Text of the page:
Papaflessas or Gregorius Dikaeos


Papaflessas or Gregorius Dikaeos was born in Poliani of Arcadia in 1788. He was the 28th child of the Flsessas family. He studied in Dimitsana School and was ordained deacon. From 1816 to 1817 he was a monk in Velanidies, Kalamata and then in the monastery of Rekita in Mystras. The monastic life did not suit his character and thus after a violent episode with a Turk, he made his way first to Zakynthos and from there to Constantinople, where he was initiated into "Philiki Hetaeria" (a nationalist organization aiming at the liberation of Byzantine Empire), by Panagiotis Anagnostopoulos, Alexandros Hypsilantes, the leader of the organization appointed him as General and gave him the mandate to declare the revolution in the Peloponnese (Morias).

So in 1820, he came from Aivali of Mikra Asia to Kitries of the Peloponnese with his brother Nikitas Dikaeos, carrying ammunition. As coverage for his clandestine operations he carried letters of Patriarch Gregorius 5th, who was also a member of Philiki Hetaeria. On 26th September of 1820, all dignitaries of the Peloponnese (Moreas) (Andreas Lontos, Antreas Zaimis, Haralabis, Bishop of Patrai Germanos, Papadiamantopoulos, Roufos, etc), were gathered in Vostitsa (Aegion) to discuss the breaking out of the revolution. Everyone was hesitant, because they knew that if they failed, the greek population would suffer the wrath of Sultan. They all remembered the failure of the revolution of 1770 when Orloff brothers from Russia promised to help, but at the end they abandoned the revolutionaries and terrible massacres followed by Turkoalbanians. Papaflessas tried to convince them to start the war immediatly and even threatened them that he would start the revolution alone with the Maniates, and alas to whom the Turks would find without weapons.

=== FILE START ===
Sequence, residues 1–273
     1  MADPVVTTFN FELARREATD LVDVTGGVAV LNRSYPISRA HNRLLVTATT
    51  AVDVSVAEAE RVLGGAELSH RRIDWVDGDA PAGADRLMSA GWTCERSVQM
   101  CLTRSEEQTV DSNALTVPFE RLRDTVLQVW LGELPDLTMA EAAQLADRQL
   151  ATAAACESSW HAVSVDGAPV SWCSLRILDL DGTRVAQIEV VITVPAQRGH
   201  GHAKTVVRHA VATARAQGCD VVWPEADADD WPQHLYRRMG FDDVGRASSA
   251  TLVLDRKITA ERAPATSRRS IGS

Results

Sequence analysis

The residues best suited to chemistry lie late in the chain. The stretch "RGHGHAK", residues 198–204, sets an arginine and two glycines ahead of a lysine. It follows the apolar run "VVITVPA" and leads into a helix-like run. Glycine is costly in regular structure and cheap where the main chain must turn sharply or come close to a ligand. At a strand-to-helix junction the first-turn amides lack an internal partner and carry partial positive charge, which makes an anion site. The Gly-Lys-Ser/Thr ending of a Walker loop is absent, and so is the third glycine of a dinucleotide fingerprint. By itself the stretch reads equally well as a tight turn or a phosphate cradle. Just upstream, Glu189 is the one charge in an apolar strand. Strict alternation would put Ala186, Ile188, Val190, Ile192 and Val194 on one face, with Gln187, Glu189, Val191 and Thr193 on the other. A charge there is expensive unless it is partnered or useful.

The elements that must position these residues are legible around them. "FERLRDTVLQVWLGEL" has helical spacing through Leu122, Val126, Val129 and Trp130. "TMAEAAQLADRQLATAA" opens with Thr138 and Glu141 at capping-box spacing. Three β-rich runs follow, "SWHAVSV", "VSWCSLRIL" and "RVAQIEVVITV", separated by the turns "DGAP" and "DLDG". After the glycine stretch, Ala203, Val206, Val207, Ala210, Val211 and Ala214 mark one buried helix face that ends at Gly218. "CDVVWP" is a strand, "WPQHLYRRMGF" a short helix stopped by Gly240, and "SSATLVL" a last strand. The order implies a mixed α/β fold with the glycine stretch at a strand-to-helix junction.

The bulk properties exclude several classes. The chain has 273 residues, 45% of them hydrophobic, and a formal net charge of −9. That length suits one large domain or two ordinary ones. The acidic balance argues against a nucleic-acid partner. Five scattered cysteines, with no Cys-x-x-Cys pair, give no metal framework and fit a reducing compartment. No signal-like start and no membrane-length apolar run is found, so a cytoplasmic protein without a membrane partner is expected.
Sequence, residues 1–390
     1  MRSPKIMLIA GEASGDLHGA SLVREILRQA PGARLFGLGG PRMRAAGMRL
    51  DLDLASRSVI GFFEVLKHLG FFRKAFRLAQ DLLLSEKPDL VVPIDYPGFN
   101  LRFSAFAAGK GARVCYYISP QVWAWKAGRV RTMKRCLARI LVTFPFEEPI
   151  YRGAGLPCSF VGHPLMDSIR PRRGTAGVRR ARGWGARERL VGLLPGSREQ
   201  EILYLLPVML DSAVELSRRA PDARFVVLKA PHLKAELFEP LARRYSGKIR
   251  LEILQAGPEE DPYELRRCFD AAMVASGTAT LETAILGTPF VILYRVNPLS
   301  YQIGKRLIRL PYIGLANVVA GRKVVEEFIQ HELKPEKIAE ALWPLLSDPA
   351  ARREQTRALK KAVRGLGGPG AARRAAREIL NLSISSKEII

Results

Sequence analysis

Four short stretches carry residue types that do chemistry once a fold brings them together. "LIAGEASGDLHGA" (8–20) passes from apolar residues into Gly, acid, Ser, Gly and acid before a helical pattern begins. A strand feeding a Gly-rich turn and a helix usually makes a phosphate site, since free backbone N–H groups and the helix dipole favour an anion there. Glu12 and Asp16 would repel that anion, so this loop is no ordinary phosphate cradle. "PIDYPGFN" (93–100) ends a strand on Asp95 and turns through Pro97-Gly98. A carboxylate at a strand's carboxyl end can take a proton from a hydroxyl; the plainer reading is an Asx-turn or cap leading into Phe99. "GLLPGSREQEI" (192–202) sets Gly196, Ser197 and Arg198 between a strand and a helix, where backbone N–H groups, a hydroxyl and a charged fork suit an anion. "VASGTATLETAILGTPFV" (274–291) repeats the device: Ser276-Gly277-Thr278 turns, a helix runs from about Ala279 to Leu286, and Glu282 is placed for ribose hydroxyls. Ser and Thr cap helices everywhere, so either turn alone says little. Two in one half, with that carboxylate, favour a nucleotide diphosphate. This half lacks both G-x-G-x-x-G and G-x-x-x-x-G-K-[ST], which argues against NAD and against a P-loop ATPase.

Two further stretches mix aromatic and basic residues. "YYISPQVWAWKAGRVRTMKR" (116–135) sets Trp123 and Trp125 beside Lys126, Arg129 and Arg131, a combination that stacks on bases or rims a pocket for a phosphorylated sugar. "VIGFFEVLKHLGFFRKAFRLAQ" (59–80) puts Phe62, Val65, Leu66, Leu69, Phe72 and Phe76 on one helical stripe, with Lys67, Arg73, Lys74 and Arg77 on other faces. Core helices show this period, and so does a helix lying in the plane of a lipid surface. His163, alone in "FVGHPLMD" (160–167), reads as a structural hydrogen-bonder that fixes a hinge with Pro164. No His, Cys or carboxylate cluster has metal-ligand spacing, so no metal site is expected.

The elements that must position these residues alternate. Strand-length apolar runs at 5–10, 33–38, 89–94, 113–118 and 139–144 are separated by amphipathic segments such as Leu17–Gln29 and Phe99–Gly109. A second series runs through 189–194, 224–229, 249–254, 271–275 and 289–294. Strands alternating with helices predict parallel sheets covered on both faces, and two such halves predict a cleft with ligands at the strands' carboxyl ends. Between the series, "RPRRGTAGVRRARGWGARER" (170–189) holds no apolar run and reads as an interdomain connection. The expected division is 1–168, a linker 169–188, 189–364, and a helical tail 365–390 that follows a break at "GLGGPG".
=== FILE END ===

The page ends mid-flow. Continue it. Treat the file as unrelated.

Papaflessas travelled to every single village of the Peloponnese and talked about the revolution. He went to the monastery of Aghios Ilias in Mani, near Kalamata. On 22th March 1821, Papaflessas, Kolokotronis, Mourtzinos, Ilas Mavromichales, Petros Mavromichalis (Leader of Mani), Nikitas Stamatelopoulos entered Kalamata, disarmed the garrison and arrested the commander Arnaoutoglou. The Greek Revolution had just started.

Papaflessas took part in almost all the battles fought in the Peloponnese. In 1825 following Egyptian Ibrahim's invasion of the Peloponnese, he fought with only 300 men against 6000 Turko-Egyptian soldiers in Maniaki near Kalamata, where he was killed on May 20, 1825. His last message was sent to his brother Nikitas, from whom he had asked for reinforcements. "We will fight and we will die like the 300 Spartans of Leonidas", were the last words addressed to the old priest Papagiorgos who fought side by side with him.